An ivory handicraft is on display at a shop in Hangzhou, east China's Zhejiang province
Beijing - AFP
China's booming e-commerce websites have carried thousands of advertisements for illegal wildlife products including ivory, rhino horn and tiger bone, a wildlife trade monitoring network said on Tuesday.
More than half of such products offered online in recent months are ivory, the British group TRAFFIC found in a survey of 15 Chinese retail websites over a two year period.
Conservationists say China is the world's largest consumer of illegal ivory, with skyrocketing demand fuelling the slaughter of tens of thousands of African elephants each year.
TRAFFIC found that surveyed websites were hosting thousands of advertisements for illegal wildlife products as of the end of 2014.
It had consistently found "around 1,500" new advertisements for such items every month for the last two years, it said in a report.
As well as ivory, it tracked offers of rhino horn, leopard and tiger bones, hawksbill turtle shells, pangolin scales, hornbill casques and the horns of the saiga, a critically endangered antelope.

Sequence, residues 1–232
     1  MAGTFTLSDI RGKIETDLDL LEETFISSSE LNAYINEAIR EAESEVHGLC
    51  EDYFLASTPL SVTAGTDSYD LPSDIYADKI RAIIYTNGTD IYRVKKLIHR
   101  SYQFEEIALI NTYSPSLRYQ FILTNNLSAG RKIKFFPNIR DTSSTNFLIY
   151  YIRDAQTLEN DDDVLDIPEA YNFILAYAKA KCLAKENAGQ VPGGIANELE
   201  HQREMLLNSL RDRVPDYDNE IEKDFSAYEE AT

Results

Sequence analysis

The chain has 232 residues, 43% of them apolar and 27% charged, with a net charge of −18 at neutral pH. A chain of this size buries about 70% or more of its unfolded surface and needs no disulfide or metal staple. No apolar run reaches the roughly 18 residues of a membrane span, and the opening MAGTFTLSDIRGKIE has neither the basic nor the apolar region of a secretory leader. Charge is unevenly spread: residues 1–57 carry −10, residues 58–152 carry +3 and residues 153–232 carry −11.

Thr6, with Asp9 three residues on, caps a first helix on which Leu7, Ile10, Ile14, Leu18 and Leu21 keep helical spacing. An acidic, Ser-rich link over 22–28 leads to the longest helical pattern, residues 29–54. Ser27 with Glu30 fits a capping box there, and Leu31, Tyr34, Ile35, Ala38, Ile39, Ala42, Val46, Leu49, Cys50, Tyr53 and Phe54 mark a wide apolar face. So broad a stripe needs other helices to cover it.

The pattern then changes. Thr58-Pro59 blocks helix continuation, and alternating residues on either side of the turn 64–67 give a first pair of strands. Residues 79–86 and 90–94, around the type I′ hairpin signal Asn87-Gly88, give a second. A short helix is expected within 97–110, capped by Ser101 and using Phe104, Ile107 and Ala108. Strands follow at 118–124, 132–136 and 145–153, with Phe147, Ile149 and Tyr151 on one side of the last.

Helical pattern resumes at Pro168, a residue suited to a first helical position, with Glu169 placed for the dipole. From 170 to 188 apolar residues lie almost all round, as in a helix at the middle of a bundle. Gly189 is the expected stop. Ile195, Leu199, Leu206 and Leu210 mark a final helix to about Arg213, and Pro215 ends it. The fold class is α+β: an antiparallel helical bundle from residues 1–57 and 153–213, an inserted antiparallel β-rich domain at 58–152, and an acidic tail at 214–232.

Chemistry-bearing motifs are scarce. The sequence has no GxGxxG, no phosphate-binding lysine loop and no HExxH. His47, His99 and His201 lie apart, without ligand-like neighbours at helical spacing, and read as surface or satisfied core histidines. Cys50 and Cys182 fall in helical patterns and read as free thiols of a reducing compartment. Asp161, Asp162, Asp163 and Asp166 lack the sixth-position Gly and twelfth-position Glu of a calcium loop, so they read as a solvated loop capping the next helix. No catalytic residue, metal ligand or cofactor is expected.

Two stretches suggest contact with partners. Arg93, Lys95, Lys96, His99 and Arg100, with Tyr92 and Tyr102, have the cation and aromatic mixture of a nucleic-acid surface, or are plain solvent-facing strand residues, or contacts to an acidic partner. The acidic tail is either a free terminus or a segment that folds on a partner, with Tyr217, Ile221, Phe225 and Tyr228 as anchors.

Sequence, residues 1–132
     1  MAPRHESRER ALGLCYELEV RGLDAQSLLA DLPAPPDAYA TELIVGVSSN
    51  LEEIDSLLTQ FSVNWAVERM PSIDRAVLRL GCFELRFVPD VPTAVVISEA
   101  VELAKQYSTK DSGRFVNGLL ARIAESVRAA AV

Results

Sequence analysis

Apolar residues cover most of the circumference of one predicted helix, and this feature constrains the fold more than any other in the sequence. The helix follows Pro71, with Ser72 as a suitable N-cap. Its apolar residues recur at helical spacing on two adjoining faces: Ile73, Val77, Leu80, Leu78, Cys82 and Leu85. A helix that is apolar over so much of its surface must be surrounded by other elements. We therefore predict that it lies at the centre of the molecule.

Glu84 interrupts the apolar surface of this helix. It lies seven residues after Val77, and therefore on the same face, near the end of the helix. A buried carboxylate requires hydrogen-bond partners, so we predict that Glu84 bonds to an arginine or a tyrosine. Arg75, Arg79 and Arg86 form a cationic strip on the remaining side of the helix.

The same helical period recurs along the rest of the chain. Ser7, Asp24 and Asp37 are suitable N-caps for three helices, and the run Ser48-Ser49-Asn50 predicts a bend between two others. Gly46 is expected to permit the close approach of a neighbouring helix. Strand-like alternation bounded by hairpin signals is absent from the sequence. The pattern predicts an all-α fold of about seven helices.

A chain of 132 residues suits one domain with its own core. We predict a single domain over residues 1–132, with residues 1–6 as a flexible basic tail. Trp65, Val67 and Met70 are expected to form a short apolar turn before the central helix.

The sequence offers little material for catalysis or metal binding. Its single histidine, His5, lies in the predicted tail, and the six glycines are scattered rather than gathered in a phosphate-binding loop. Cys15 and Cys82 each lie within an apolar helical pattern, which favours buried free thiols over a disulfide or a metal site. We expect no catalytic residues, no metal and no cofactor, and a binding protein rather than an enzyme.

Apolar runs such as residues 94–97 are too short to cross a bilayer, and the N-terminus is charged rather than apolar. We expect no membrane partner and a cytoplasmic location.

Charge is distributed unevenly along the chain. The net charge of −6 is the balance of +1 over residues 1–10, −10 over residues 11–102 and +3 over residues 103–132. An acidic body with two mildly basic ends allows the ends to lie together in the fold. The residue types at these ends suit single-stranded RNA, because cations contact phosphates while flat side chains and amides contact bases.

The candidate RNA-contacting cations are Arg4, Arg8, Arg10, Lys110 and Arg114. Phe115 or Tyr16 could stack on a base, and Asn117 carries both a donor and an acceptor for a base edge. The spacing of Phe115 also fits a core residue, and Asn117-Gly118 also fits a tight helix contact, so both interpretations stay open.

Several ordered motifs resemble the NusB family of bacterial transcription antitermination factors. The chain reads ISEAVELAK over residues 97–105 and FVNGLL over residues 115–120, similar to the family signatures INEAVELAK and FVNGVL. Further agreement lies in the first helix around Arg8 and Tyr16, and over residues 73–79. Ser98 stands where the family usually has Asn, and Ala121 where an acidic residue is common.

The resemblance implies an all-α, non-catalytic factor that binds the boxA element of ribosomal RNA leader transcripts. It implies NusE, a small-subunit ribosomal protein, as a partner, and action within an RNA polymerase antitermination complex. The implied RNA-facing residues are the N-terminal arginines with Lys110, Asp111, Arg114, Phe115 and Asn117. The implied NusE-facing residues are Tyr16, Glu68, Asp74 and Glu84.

China in 2013 overtook the United States to be the world's largest online retail market, with firms such as Alibaba among the most prominent.
To avoid clampdowns online vendors used codewords such as "African materials", "yellow materials" and "white plastic" in place of ivory, said TRAFFIC, which did not specify the sites it monitored.
It follows a total of 64 codewords for the various items being offered.
"There are transactions of illegal wildlife products which were not captured by TRAFFIC's monitoring," it said. "This indicates that trade-volumes on e-commerce platforms might be even higher."
But at "fewer than 10,000" the running total was a "dramatic drop" from more than 50,000 advertisements found when it began monthly surveys in 2012, it added.
Several of the country's leading e-commerce platforms stated they had a "zero-tolerance" policy towards illegal wildlife trading, and removed some listings following complaints, TRAFFIC added.
A joint report in December from Save the Elephants and The Aspinall Foundation campaign groups found that more than 100,000 wild elephants were killed from 2010 to 2012, with the slaughter largely fuelled by the "out of control" illegal ivory trade in China.
Beijing has made efforts to curb the trade, stepping-up prosecutions of smugglers and seizures of ivory at border posts, but campaigners say the measures have not gone far enough.
Last week China announced a one-year ban on imports of ivory carvings, but activists described the move as symbolic as legal imports are minor and most seizures of illegal items are of raw ivory.